16 Oct 2015

Volunteers bare all for tattoo art project

6:19 pm on 16 October 2015

Two Samoan artists have collaborated on a project which asked Avondale community members to volunteer their bodies as part of a live tattoo art exhibition.

Tattoo artist Chris Amosa

Tattoo artist Chris Amosa at work with a volunteer in Avondale. Photo: RNZI

Graphic artist Vaimaila Urale used computer keyboard symbols to create Polynesian-inspired artworks, which were then tattooed onto participants by tattoo artist Chris Amosa as part of the Whau Arts Festival.

When creating the designs for the 'Typeface' live tattoo session, Ms Urale restricted herself to using just the 'v', '>', '<','/' and '\' symbols.

Artist Vaimaila Urale

Artist Vaimaila Urale said the project was a different way to experience art. Photo: RNZI

She said the project reflected her Samoan heritage, but also the fact that she has grown up in a very Western, contemporary and digital society.

"In Samoan, the 'v' symbol is called 'fa'avae tuli'. It's based on a bird footprint of the tuli bird, so the footprint that it leaves in the sand. The forward and backslash lines in Samoan, the name for it is 'tusi lili'i', which basically just translates to small lines."

Designs for the 'Typeface' live tattoo session, created by Vaimaila Urale, as part of the Avondale Whau Arts Festival.

Designs for the 'Typeface' live tattoo session, created by Vaimaila Urale. Photo: RNZI

Ms Urale previously did a live tattoo session in San Francisco in 2013, and jumped at the idea of doing it again in Avondale, especially as the neighbourhood has such a huge Pacific community.

"What's been interesting in this process is things that I've picked up from Chris [Amosa], because I can come up with whatever designs I want, but obviously I have to pass all the designs through Chris, to see if they make sense with how they will all sit on the body."

Artists Chris Amosa and Vaimaila Urale prep tattoo volunteer Allan Haeweng for their 'Typeface' live tattoo session.

Chris Amosa and Vaimaila Urale prep tattoo volunteer Allan Haeweng for his live tattoo session. Photo: RNZI

Mr Amosa said when he opened Cain Tattoo Studio in Avondale, he wanted to be involved with the local community, which was why he gravitated towards this project.

He said when he tattoos, people often bring along three or four people for support, so doing his work in front of an audience was nothing new.

But he made sure first-timers were well prepared with this advice, "Make sure you haven't come here on an empty stomach, make sure your sugars are up, and you're well hydrated I guess because that's kind of why you pass out. You feel a bit of pain, and then, blood rushes away from your brain, sugar levels drop, and then... on the floor."

Volunteer Kate Todd is tattooed by artist Chris Amosa.

Volunteer Kate Todd is tattooed by artist Chris Amosa. Photo: RNZI

One of those first-timers is Avondale resident Kate Todd, 55, who came to the tattoo studio prepared, with a glass of wine and some pain relief already in her system.

"I remember when I was in my late 20s everyone started getting tattoos and I lived in Sydney, and I remember thinking, 'Wow, I wanna do that', and I just never did. I guess then, it became such a rage, I thought, 'I wanna be the exception when I'm an old lady, the one without tattoos'. But when I saw this, I just thought, what a cool idea, and if I get chosen, how amazing would that be?"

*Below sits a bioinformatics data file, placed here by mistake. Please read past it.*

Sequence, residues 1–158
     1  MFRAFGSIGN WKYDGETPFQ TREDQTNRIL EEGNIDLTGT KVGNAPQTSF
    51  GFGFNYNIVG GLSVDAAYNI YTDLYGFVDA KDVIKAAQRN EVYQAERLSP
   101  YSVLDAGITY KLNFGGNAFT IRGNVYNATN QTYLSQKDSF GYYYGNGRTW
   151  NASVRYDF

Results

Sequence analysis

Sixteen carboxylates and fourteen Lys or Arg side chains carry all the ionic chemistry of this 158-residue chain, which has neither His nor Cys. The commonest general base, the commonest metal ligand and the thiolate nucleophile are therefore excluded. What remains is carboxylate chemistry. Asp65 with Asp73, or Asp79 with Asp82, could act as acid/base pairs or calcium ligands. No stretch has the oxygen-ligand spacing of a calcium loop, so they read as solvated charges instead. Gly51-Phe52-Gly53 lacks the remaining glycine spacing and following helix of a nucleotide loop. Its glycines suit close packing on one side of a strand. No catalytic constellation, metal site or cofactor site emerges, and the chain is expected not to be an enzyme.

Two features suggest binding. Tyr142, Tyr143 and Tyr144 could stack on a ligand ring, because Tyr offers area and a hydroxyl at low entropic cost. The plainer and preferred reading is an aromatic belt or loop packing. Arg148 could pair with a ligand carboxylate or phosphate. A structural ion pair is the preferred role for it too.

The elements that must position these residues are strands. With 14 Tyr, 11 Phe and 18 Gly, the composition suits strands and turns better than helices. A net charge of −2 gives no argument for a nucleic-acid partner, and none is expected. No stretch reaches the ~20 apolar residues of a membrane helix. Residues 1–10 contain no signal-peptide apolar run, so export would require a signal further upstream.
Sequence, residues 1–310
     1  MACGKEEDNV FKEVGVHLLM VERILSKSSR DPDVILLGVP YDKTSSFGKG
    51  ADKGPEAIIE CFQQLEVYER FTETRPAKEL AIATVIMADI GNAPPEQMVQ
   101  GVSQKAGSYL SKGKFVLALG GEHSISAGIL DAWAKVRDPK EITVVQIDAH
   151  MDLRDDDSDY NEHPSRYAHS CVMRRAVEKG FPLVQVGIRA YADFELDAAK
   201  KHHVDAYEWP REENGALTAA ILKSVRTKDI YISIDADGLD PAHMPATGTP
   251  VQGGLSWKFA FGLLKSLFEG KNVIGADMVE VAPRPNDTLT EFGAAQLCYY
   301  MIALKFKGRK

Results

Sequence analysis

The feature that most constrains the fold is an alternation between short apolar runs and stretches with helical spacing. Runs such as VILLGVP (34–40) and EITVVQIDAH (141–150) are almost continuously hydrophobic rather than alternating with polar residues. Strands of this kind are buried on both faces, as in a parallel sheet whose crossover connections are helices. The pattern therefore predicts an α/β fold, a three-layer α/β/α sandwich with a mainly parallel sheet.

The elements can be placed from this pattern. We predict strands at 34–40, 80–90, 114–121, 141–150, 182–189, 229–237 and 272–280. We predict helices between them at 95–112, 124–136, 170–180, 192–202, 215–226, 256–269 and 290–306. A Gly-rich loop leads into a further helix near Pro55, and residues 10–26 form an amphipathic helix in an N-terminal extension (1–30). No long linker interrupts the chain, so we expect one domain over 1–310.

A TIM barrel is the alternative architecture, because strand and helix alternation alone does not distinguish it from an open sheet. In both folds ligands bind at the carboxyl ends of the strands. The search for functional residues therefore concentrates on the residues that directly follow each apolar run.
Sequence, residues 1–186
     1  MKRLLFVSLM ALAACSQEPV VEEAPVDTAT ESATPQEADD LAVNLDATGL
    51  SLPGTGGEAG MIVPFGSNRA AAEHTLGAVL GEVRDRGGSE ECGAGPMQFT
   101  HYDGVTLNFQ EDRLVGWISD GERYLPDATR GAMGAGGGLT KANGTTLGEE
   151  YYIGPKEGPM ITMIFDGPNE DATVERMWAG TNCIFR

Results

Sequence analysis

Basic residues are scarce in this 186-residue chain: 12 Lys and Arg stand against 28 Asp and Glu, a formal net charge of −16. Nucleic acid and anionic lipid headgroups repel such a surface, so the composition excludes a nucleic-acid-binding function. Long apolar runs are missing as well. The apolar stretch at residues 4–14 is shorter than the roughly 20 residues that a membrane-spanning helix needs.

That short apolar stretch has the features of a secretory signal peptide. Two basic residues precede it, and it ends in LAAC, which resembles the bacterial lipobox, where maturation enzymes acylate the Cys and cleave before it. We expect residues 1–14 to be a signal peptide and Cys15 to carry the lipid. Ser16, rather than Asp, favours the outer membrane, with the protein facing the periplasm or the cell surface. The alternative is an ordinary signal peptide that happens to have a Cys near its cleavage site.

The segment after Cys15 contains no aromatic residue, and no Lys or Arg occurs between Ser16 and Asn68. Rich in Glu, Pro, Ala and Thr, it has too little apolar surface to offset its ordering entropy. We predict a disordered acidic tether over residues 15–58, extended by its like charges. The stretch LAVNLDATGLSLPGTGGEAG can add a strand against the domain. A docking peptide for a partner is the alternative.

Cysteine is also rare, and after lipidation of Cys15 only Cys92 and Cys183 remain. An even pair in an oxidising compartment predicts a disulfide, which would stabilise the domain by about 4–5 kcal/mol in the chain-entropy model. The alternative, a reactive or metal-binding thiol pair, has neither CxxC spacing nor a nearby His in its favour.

She specifically requested a wrist tattoo, and jokes that she must have been chosen because she's a novelty, "like, oh my God, 55, Pakeha, never had a tattoo", and she's been doing her research online on how to cope with the pain, "I think getting your willy tattooed is the most painful, so I should be OK."

Allan Haeweng, a student from New Caledonia, is also getting a tattoo for the first time, and contemplates the meaning behind his chosen pattern, moments before it will be tattooed on the back of his hand.

"The patterns allude to the lines that are formed by weaving and lashing. I like this, it reminds me that we're from Oceania and we have those relationships where we are a people that are very intertwined culturally."

Tattoo artist Chris Amosa preparing to tattoo a design by Vaimaila Urale as part of the 'Typeface' live tattoo session for the Avondale Whau Arts Festival.

The patterns are made using only the 'v', '>', ' Photo: RNZI

Reina Sutton is from the Solomon Islands and the art chosen for her will be tattooed on and around her sternum.

She said she was proud to be able to have a piece of Ms Urale's art on her body, and saw similarities in the Polynesian design with her Melanesian culture.

"The women from my father's island, they have tattoos placed on that part of their body as well. I thought that was a great way to connect that way, and also in a very contemporary way as well. There's quite a few layers involved with this project, for me personally."

Volunteer Reina Sutton, after being tattooed on her sternum.

Volunteer Reina Sutton, after being tattooed on her sternum. Photo: RNZI

Ms Urale said she was really into how viewers or the audience can engage with art in innovative ways, and this project was a very different way to experience art, especially for volunteers.

While none of the participants passed out, as Allan Haeweng had his fingers and knuckles tattooed, with a firm grip on Reina Sutton's hand, and through gritted teeth, he described the feeling as, "like somebody is peeling my skin off."

And Kate Todd, midway through her wrist tattoo said it felt "kind of like, a very well disciplined swarm of wasps".

The Whau Arts Festival was opened on 15 October and ends 19 October.

Finished hand tattoo, designed by Vaimaila Urale, tattooed by Chris Amosa.

Finished hand tattoo, designed by Vaimaila Urale, tattooed by Chris Amosa. Photo: RNZI